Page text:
Modern work increasingly utilizes crew-based teams—groups of individuals who fill different roles and are brought together to complete a task. However, some roles within a team are more important than others. For example, on a surgical team, the surgeon is the core member of the team who leads, facilitates workflow, and looks out for potential problems. But there are also non-core members, for example, the anesthesiologist, circulator nurse, or scrub technician. Each of these team members also brings specialized knowledge to the operating room. New research (Vaulont et al., 2021) suggests that each non-core member’s relationship with the core member is critical for successful performance.
CORE AND NON-CORE TEAM MEMBERS
To assess how surgeons’ past experience with non-core members affects team performance, the researchers examined data from 7,070 surgeries from a large community hospital in the United States. From this data, the researchers were able to compute how many times an individual surgeon had worked with non-core members on a similar type of surgery. The researchers then examined the time between surgery completion and patient discharge as a measure of team performance. Surgical team performance is often measured by the length of post-surgery stay, with lower stay-times indicating higher performance.
Results from the analyses found that surgeons’ prior experience with the non-core members of the surgical team predicted team performance. Meaning that when the surgeon had more experience on similar surgeries with the non-core members, patient post-surgery stays were shorter.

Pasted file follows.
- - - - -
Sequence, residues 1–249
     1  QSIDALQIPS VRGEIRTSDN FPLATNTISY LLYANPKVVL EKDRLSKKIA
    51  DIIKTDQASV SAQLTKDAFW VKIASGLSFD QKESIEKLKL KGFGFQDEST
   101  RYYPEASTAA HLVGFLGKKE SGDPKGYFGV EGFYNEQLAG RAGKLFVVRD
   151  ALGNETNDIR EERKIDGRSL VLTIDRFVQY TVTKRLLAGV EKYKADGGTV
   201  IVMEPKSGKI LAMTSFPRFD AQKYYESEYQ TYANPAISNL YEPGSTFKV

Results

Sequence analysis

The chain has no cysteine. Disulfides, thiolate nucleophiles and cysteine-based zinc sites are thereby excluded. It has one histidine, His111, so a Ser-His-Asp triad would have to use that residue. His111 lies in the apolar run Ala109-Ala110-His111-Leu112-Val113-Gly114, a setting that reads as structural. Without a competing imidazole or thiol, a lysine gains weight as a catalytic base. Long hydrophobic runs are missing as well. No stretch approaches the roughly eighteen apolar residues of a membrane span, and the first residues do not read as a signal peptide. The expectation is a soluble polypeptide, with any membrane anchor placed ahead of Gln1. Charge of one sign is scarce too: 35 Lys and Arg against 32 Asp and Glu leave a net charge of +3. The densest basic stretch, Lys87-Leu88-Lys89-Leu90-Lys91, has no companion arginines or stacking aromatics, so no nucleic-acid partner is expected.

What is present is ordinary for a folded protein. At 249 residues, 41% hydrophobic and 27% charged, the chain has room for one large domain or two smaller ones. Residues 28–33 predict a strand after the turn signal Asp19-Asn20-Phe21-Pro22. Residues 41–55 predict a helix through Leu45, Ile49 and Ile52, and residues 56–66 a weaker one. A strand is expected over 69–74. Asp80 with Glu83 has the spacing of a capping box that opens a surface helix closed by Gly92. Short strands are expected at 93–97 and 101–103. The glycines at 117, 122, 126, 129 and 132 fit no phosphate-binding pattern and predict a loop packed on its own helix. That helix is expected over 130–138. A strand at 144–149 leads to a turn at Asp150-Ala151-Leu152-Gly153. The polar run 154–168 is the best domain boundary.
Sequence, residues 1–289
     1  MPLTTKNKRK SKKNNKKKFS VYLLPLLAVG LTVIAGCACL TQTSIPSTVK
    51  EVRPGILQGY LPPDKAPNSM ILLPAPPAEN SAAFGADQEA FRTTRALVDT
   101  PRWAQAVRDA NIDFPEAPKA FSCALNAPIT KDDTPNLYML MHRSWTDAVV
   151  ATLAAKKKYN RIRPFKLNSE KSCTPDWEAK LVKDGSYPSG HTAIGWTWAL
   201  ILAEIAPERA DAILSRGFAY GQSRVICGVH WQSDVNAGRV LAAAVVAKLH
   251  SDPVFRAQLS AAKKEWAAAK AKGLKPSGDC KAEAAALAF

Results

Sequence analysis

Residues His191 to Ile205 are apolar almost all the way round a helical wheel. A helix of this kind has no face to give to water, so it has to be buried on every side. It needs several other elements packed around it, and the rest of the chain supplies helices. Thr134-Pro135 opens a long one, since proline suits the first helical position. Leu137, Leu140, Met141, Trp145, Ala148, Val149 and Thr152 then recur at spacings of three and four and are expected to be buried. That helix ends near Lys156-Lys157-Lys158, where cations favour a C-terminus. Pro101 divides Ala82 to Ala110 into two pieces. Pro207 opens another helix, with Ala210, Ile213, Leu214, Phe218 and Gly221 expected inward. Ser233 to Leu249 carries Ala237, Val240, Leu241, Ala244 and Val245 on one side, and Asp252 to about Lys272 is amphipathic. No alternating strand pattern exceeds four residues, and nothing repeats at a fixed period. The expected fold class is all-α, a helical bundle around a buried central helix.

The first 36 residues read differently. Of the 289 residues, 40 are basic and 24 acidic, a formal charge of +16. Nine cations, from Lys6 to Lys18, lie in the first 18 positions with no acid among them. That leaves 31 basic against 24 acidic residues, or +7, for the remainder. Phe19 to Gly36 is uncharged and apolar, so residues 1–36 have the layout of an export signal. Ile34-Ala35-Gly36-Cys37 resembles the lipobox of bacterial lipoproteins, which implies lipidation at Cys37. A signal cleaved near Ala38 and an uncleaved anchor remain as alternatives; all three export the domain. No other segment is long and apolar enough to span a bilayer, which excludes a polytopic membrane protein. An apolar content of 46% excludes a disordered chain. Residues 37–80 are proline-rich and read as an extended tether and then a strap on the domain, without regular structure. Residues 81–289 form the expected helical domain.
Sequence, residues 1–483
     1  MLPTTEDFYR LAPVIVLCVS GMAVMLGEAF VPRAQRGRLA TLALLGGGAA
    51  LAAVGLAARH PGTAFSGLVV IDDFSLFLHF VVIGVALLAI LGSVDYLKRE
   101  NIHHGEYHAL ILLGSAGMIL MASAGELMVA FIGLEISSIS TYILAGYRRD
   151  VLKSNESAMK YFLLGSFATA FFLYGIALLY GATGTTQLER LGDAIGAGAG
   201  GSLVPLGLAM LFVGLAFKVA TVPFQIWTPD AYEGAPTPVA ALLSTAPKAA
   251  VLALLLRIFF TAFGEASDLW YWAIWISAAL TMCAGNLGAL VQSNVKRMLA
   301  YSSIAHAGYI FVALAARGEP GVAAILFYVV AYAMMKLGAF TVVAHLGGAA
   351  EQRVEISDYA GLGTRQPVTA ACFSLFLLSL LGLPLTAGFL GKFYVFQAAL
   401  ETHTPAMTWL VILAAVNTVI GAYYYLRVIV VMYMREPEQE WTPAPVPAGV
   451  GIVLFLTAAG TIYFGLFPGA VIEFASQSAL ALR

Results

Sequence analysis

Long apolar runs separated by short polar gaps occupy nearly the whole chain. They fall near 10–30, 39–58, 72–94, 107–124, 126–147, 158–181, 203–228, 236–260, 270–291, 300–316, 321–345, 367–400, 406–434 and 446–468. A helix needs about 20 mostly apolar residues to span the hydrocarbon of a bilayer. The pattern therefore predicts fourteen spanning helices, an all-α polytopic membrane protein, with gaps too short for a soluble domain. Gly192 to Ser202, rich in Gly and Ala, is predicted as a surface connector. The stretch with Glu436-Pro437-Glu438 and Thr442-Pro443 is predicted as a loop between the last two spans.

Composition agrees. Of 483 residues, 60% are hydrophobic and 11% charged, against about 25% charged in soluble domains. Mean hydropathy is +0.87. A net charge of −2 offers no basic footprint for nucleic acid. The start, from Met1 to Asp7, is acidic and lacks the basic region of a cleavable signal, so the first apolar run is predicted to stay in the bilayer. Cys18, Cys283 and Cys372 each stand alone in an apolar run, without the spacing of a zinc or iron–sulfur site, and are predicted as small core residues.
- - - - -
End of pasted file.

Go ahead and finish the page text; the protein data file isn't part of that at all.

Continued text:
However, results also indicated that task complexity played an important role. As surgeries became more complex, surgeons’ experience with the non-core members became less important.
Additionally, the researchers examined how the amount of time the surgeon spent in the operating room affected the results. Surgeons typically work with the entire surgical team for approximately 60% of the surgery—with non-core members completing aspects of the surgery without the surgeon present. Results indicated that the relationship between surgeon experience with non-core members and team performance was weakened when the surgery was more complex and when the surgeon spent less time in the operating room. This result suggests that for complex surgeries, surgeons should make an effort to be present for as long as possible, and for less complex surgeries, the surgeon’s presence is less important.
The results from this study have practical implications for work teams within and outside of the healthcare industry. As the nature of work continues to change and more companies implement policies such as flexible work schedules, multiple team membership, and virtual work, teams may face situations in which every member is not present.
Results from this study suggest that during complex tasks, absence of core team members may limit the performance of the non-core members. However, when the core member has extensive experience with the non-core members, the team can better handle the core members’ absence during less complex tasks. As such, repeated matching of non-core team members with the same core members may aid in increasing performance over time.
Vaulont, M. J., Nahrgang, J. D., Luciano, M. M., D’Innocenzo, L., & Lofgren, C. T. (2020). The room where it happens: The impact of core and non-core roles on surgical team performance. Journal of Applied Psychology. Advance online publication.